Not for the first time, the GAA has embarrassed itself by hiding behind a callous bureaucracy. Even if the Liam Miller testimonial does eventually get the green light for Páirc Uí Chaoimh, the unnecessary grief they have brought to Liam Miller’s family, friends and fans will not be forgotten.
If there is one attribute that the GAA has always been sorely lacking, it is surely that of common sense. And the examples of that lack of common sense are as many as they are bemusing.
Like that time they scheduled a Super 8s football contest at the exact same time as the World Cup final (two weeks ago). Or the time they neglected a considerable amount of Gaelic sports fans by putting an amateur sport behind a paywall in the form of a TV rights deal with Sky Sports (ongoing). Oh, and of course that time they were happy for Irish soccer and rugby to go homeless but for a national outcry and an embarrassing u-turn (2001).
You’d think an organisation of its significance might learn a thing or two from past mistakes.
You’d be wrong.
As the controversy into the hosting of Liam Miller’s testimonial match rumbles on, the GAA have once more come across as uncaring, mean-spirited and depressingly parochial.
Thousands of people want to celebrate a great player in his native Cork. The local soccer ground, Turners Cross, has an insufficient capacity to cater for the volume of spectators that want to share in this moment of reflection and celebration of Liam Miller’s life and career.
There is another stadium nearby, owned by the GAA, with a capacity of 45,000 (6 times that of Turners Cross). A cursory look at the schedule shows that there is no event planned here on the day that the testimonial is due to take place.
What to do, what to do?
Common sense would dictate that regardless of any arbitrary rule your organisation might entertain, that those rules could be relaxed in certain circumstances. The GAA does not have to love soccer to host a soccer event. It could be a once off.
Commercially, it could even benefit the organisation, as it did when Páirc Uí Chaoimh keenly hosted three Ed Sheeran concerts. It offers fans of other sports an opportunity to visit a Gaelic ground that they otherwise might never see, a chance to show off your amateur organisation’s treasure in all its glory.
Liam Miller was a GAA man. As a youngster, he had played with the Éire Óg club and even lined out at Páirc Uí Chaoimh on one occasion. He represented his country 21 times and after having played for massive clubs like Manchester United and Glasgow Celtic, he returned to his homeland and joined up with Cork City.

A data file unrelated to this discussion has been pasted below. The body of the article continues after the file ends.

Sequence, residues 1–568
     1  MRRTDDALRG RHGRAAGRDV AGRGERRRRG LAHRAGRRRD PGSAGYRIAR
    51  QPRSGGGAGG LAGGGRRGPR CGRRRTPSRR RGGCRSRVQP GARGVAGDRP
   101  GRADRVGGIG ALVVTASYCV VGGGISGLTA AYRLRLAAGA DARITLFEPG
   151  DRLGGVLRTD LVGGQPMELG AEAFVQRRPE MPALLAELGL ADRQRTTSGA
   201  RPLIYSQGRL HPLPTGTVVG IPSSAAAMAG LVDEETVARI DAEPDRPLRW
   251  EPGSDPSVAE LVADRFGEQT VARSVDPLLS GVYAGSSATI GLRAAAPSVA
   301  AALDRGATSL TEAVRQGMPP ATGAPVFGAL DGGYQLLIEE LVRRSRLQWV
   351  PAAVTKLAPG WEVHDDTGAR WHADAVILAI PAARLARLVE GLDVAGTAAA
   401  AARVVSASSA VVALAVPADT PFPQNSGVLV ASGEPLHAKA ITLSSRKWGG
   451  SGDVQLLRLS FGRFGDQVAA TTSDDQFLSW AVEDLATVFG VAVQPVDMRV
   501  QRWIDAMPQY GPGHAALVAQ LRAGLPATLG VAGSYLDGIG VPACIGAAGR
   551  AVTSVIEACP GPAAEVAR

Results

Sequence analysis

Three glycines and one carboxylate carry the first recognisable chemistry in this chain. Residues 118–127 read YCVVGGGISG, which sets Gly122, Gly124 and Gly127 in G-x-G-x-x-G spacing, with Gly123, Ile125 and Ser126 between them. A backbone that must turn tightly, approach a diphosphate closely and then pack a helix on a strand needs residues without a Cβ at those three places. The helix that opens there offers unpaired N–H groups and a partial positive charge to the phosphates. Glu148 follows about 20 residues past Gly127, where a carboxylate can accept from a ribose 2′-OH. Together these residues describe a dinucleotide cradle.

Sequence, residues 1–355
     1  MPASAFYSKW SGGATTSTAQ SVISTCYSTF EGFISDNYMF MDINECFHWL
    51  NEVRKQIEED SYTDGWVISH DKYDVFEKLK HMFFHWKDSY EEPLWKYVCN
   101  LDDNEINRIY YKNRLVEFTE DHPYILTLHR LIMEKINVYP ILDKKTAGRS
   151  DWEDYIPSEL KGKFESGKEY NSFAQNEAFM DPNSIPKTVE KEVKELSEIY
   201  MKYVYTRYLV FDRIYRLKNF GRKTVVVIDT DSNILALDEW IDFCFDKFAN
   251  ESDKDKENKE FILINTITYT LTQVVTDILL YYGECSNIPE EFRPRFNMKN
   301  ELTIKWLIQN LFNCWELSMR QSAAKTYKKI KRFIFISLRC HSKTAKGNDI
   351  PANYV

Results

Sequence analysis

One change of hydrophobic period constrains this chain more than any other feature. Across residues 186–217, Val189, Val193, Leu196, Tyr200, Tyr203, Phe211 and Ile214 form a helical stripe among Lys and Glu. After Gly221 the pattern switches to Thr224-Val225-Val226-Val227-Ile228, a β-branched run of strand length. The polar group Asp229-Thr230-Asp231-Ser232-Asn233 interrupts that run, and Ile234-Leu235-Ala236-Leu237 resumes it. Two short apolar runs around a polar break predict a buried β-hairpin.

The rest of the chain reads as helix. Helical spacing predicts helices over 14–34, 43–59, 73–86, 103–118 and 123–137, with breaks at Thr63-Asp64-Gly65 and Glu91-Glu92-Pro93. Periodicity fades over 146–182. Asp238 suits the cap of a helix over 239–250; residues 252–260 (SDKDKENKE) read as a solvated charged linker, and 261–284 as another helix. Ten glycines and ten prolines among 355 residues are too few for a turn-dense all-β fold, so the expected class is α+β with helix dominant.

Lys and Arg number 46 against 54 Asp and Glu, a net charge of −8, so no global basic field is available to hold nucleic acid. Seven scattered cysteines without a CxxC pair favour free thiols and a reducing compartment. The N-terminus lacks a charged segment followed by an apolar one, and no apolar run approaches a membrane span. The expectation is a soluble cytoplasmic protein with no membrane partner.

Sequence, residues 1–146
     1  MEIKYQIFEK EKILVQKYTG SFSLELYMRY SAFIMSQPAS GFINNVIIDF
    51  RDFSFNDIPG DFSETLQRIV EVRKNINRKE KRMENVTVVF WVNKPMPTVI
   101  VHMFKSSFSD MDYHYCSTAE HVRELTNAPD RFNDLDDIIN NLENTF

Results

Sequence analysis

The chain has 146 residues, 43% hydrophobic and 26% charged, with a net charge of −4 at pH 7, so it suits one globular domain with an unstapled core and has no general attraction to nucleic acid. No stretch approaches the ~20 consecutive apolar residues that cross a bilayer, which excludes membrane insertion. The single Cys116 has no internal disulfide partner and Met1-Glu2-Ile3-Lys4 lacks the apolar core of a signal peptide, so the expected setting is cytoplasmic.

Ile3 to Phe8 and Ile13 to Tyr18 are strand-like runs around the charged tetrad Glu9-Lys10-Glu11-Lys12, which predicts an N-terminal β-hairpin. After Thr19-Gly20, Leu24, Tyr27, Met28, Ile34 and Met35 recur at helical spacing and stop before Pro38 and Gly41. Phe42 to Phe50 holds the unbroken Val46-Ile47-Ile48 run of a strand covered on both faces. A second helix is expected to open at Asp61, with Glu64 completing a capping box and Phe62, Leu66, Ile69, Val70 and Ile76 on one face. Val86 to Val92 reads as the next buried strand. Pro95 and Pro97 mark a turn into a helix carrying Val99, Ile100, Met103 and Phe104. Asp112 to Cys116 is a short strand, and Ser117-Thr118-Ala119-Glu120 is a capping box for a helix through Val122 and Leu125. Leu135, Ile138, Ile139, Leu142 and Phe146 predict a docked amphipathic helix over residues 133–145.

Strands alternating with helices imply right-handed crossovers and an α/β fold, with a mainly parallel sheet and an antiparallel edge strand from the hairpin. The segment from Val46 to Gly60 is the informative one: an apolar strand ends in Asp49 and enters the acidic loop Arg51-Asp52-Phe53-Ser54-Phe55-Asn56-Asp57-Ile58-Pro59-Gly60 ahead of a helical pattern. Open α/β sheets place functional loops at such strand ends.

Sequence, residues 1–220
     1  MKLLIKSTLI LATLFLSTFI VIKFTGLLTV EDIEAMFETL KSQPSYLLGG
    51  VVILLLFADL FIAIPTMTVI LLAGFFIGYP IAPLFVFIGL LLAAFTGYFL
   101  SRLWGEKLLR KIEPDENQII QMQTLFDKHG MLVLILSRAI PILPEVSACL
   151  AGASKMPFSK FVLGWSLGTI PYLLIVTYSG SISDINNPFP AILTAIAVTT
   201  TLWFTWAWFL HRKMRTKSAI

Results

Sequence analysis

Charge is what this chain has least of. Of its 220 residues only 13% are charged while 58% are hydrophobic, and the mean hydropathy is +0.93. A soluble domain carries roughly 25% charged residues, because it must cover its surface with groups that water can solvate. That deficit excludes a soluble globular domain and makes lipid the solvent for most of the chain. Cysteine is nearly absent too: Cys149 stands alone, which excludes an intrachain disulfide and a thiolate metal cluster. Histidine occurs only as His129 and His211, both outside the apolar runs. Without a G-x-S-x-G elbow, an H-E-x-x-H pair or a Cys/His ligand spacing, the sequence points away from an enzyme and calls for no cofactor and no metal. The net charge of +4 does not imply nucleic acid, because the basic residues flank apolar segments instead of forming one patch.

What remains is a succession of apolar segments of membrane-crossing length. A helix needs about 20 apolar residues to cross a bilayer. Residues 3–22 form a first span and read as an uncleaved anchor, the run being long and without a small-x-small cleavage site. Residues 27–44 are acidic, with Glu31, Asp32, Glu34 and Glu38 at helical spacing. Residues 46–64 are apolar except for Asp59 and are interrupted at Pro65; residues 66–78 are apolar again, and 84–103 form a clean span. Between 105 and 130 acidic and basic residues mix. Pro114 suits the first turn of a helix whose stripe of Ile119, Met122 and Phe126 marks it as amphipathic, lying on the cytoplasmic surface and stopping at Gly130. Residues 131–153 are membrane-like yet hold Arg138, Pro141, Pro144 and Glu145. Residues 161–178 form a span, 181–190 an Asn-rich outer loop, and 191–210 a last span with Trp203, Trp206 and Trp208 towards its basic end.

The Cork County board were apparently receptive to the idea of Páirc Uí Chaoimh playing host to the fixture. The mayor of Cork, Mick Finn, appealed to the GAA’s “sense of community”. And Mícheál Ó Muircheartaigh, speaking on RTE One Radio was correct in saying that 99 per cent of the country wants this game to go ahead in Páirc Uí Chaoimh.
But the GAA has so far been unmoved.
Rather than approaching the situation from a place of compassion and with a willingness to help, the GAA instead referred to the inflexibility of their rulebook and in particular, the rule regarding the playing of other sports in Gaelic grounds, stating:
“The GAA is prohibited in rule from hosting games other than those under the control of the Association in its stadia and grounds. Only a change at Annual Congress can alter this situation. Congress takes place in February each year.”
In other words, we’d love to help but our hands are tied. So much for a sense of community. But of course, given that the GAA rules are formed, edited and reformed by the GAA itself, there is absolutely no reason that an exception could not be made for Liam Miller’s testimonial.
And on an individual basis, many GAA members have expressed a willingness to allow this event to go ahead at a Gaelic ground. But as the collective, faceless entity that is the GAA, red tape has blocked progress at every turn.
According to the latest statement, GAA officials met with the testimonial’s organisers on Tuesday in a bid to thrash out some sort of agreement. The GAA are now “further considering the proposal”.
At this point, even if Páirc Uí Chaoimh does become the venue for the match, the good really has been taken out of it by the callousness of the GAA reaction.
Consider the matter from the point of view of Liam Miller’s family. His widow, children, siblings and parents have suffered an unimaginable loss. The testimonial was supposed to be an opportunity to support them in their mourning, financially and otherwise. It was supposed to be an opportunity for the people of Ireland to express their affection for a great sportsman who is sorely missed. That the PR wing of the GAA allowed this situation to become a fiasco is, frankly, unforgivable.
Sometimes rules can get in the way of doing the right thing. This is one of those occasions. For an organisation that regularly espouses its commitment to community and inclusivity, they have once again proven that they are nothing but talk.